Week four of term four already and I am wondering where the year has gone.  I know that we are all in the midst of reflecting and reporting.  I am hoping there is some time in your life that you are putting aside for you!  Educating is an all-encompassing lifestyle and it is so valuable to take time to reflect on the very special celebrations and breakthroughs throughout the year.   What has really touched you during this past year?  How can use this experience to impact on your future learners?
It is fabulous to see the collaboration, support and networking on the listserv over the past week.  Please continue to add to the conversations and ask the questions.  Check out this thread around complex sentences.  Thanks to Tina Muller for asking the questions and thanks to all who have shared in the conversation.
Have you used one word with your learners?  Today we used it as a staff.  We brainstormed a range of ways of using this. 
  • Start with basic words for younger students, e.g dog
  • Fact or fiction;
  • Brainstorm story ideas, key words;
  • Vocabulary - building meaning;
  • Kick starting writing;
  • Speed Writing;
  • Increase volume;
  • Phrasing… deep and surface features;
  • Poetry;
  • Write a simile using this word;
  • Collate to create a calligram/shape poem;
  • Synonyms, antonyms;
  • Topic words;
  • Word processing speed with purpose…
  • Done regularly - should increase time to action!
  • Break down fear of getting into writing...

What can you try?  What can you add to this list?
I am linking this article as it relates to our recent discussion on collaborative writing – Vygotsky lives.   “Vygotsky claimed that a child has limits to what he/she is able to learn alone, however these limits are extended under the guidance and support of an MKO.” (More Knowledgeable Other).   Vygotsky states: ‘What lies in the zone of proximal development at one stage is realized and moves to the level of actual development at a second. In other words, what the child is able to do in collaboration today he will be able to do independently tomorrow. [italics added]’  What does this mean for our groupings? What does this mean for the opportunities we create for collaboration?
How could you use this discussion as you begin to think about literacy for 2014? Individual steps are key to literacy in children.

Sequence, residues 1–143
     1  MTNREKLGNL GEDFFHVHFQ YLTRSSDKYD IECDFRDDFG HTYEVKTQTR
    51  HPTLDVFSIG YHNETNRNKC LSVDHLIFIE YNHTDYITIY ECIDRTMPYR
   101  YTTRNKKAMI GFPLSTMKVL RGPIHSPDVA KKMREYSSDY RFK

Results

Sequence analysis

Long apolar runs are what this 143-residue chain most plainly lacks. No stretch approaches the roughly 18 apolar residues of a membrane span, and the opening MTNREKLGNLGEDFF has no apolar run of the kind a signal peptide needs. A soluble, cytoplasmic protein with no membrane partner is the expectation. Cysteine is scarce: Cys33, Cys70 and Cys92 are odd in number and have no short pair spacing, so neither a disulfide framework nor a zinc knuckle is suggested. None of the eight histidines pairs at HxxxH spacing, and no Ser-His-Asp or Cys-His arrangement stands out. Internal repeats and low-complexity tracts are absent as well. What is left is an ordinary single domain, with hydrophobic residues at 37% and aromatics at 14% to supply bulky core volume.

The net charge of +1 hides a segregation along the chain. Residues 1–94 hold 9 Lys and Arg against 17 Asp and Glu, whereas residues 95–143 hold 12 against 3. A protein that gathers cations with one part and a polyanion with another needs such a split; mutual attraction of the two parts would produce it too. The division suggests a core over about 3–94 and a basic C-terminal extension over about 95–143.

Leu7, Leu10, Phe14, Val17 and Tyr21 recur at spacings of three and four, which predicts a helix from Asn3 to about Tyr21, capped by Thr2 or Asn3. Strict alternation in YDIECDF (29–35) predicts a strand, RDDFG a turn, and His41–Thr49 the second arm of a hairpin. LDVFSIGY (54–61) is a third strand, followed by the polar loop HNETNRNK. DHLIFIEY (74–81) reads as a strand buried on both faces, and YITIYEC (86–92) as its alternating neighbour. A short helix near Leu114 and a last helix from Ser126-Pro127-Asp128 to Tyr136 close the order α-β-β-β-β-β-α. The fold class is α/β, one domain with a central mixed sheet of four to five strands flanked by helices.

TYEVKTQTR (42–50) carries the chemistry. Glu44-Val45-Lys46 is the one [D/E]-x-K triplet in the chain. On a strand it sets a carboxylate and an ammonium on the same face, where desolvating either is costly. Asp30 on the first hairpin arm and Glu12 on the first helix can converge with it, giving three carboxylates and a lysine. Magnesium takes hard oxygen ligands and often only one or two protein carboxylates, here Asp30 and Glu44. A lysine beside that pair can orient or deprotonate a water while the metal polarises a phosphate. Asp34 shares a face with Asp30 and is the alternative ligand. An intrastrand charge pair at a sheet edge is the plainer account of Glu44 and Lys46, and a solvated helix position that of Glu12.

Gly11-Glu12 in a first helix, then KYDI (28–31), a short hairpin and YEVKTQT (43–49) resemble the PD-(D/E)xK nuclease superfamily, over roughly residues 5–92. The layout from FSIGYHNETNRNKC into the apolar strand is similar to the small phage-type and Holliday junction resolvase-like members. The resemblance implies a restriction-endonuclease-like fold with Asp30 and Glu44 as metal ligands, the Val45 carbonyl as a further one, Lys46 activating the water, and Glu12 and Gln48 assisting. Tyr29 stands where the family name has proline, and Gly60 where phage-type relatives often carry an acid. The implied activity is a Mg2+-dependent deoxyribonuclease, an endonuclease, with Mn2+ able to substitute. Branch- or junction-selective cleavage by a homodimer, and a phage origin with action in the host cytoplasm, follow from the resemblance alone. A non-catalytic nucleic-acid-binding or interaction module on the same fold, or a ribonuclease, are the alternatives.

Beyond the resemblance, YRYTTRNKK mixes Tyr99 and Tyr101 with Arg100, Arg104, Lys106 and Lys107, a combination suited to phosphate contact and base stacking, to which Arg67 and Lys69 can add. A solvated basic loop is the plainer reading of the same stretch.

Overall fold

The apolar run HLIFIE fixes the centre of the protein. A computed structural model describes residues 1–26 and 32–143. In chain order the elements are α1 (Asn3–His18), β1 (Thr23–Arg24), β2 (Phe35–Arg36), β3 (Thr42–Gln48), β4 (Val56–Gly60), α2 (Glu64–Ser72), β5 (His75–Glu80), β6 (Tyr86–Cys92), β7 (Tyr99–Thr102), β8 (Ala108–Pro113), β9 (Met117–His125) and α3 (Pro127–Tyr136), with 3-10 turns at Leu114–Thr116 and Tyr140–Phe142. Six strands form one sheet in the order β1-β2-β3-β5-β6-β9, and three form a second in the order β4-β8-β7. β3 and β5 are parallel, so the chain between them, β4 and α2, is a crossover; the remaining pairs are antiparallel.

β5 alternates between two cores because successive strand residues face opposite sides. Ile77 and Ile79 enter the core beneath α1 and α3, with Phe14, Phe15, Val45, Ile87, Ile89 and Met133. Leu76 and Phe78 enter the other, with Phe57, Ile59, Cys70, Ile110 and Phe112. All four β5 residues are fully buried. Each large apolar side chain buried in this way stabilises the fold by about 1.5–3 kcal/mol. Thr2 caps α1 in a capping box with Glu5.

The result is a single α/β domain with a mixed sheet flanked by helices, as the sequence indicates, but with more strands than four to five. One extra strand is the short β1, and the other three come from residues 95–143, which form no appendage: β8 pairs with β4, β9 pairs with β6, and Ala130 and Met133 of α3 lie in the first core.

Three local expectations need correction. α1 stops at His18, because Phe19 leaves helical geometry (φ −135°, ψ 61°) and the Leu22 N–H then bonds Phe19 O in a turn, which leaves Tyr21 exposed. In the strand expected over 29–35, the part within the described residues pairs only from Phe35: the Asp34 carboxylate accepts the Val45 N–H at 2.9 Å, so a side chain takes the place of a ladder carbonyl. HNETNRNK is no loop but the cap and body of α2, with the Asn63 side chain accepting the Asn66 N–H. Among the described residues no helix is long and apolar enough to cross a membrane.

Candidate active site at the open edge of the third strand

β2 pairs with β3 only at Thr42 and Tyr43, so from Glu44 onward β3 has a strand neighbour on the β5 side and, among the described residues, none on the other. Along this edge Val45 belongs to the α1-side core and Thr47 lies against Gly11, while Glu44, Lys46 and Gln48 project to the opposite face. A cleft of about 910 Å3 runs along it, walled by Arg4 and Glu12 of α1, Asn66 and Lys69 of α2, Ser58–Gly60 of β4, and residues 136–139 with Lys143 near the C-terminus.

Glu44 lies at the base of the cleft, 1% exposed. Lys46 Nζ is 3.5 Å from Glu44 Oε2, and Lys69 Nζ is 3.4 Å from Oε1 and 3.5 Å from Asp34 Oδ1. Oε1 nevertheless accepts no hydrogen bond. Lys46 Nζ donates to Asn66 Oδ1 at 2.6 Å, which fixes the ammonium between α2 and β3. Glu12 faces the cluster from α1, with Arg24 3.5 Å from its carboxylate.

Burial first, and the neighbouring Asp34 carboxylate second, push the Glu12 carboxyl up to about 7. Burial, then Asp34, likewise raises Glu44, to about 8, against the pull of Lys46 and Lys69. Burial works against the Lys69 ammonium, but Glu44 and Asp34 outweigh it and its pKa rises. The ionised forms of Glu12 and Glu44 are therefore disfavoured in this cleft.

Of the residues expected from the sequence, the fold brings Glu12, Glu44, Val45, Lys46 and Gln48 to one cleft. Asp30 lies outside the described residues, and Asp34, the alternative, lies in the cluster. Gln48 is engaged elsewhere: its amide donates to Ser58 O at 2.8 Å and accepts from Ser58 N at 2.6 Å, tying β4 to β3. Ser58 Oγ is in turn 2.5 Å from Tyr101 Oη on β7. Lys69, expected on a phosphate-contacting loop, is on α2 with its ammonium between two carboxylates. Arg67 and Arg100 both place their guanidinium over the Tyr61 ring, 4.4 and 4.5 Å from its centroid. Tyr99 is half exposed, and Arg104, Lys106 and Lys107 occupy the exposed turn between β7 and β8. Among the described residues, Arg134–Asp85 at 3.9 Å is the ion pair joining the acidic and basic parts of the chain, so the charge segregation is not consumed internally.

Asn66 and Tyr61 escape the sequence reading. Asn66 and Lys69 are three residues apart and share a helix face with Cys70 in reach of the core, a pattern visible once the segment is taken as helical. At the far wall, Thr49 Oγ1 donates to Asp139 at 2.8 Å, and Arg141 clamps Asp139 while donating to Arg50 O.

Why buy anything else when you could be buying books?  How can you use this blog post to provoke discussion around book buying?  Do your learners choose, promote, buy the books?  I look forward to discussion around this wonderful blog post.
I thought I would add a couple of links from the Balanced Literacy Diet to encourage you to return and explore this site. Reader’s theatre and Working with Words. How could you use these ideas to support your learners?
Yet another two links in the Small Byte series I add sharing Small Byte #2 – Scrible. “Scrible is a free online tool for saving, organizing, annotating, and sharing websites for online research projects and web quests. It saves a copy of each page you annotate in your personal Scrible library, so that even if the original web pages you’ve made notes on go down, your saved pages and your notes still exist.”
And Small Byte #1 – Spreaker  “Spreaker is a free online cloud-based web audio platform. With this tool, you can create your own podcasts and live Internet radio shows. You can either pre-record or broadcast live, if you prefer. You can check it out for yourself at”
How could you share this with your learners? Who invented writing? - Matthew Winkler  After you’ve watched this clip could you thinkdig deeper and discuss.  If you like this format, how could your learners create their own rich learning experiences to support clips they make?
Have a great week.
Ngā mihi nui
Anne Kenneally
Literacy Online Facilitator
CORE Education